2. Nico – “These Days,” from The Royal Tenenbaums

The Royal Tenenbaums is one of my all-time favorite movies and one of my biggest movie obsessions. I liked this song before the movie, but as a Jackson Browne song. This scene is so perfect – not just for the way that it shows Margot and Richie’s characters, but how it just shows people who are in love looking at each other.

3. Charles & Eddie – “Wounded Bird,” from True Romance

One thing I love about True Romance is how genuine (and yet somehow unrealistic) the relationship between Clarence (Christian Slater) and Alabama (Patricia Arquette) is, and the scene where they first have sex (after meeting for the first time) shows us that. We’ve seen their chemistry already, but seeing them gently but wildly have sex is a perfect metaphor for their relationship as a whole. And “Wounded Bird,” is sort of a cheesy song from the 90s, but it’s really pretty much perfect in this scene: between the lyrics and the bluesy-ness (paired with the blue hue of the screen in this scene), it just fits.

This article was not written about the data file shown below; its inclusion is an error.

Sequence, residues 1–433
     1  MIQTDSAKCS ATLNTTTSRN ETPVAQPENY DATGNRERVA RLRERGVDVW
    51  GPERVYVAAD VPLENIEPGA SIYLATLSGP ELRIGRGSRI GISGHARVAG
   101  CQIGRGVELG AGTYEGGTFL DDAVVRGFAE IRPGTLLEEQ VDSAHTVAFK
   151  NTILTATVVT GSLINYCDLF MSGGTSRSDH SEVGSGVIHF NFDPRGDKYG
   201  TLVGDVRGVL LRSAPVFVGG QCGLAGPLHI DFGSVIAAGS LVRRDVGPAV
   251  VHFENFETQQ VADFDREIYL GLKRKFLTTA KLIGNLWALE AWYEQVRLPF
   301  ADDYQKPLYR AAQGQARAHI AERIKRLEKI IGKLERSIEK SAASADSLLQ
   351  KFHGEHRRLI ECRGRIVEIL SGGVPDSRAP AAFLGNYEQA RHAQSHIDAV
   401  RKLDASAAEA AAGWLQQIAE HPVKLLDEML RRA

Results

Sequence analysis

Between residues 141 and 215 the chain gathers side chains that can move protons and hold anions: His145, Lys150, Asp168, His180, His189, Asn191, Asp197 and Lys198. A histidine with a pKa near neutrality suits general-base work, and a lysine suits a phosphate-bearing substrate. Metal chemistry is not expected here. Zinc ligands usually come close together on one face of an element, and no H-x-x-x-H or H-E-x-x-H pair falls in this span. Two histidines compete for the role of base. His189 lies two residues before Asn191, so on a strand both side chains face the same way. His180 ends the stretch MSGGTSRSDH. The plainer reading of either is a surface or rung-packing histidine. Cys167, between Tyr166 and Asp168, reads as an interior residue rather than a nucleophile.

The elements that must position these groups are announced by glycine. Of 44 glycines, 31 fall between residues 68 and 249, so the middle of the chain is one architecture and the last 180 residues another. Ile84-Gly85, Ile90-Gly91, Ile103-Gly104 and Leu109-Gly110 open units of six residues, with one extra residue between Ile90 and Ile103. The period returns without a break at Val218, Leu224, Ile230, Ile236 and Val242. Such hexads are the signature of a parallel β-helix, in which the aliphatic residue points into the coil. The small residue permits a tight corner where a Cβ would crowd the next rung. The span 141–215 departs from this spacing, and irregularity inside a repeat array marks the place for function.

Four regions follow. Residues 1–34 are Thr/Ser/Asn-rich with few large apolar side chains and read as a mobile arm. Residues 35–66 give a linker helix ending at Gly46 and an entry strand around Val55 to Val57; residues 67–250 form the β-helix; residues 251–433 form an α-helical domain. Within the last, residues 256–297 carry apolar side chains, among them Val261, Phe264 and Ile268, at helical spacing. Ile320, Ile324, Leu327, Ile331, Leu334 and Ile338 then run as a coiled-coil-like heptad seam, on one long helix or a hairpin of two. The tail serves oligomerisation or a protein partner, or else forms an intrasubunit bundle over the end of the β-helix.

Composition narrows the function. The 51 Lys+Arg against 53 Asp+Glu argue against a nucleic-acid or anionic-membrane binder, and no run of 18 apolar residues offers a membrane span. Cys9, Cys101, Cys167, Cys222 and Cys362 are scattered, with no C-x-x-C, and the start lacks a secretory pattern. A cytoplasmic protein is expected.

4. The Righteous Brothers – “Unchained Melody,” from Ghost

Obvious choice, but come on. I sort of like to prefer to think that this scene totally represents this movie and forget how tragic and scary it is. I thought it was sexy the first time I saw it, but ever since I can’t really watch it without tearing up.

5. Counting Crows – “Colorblind,” from Cruel Intentions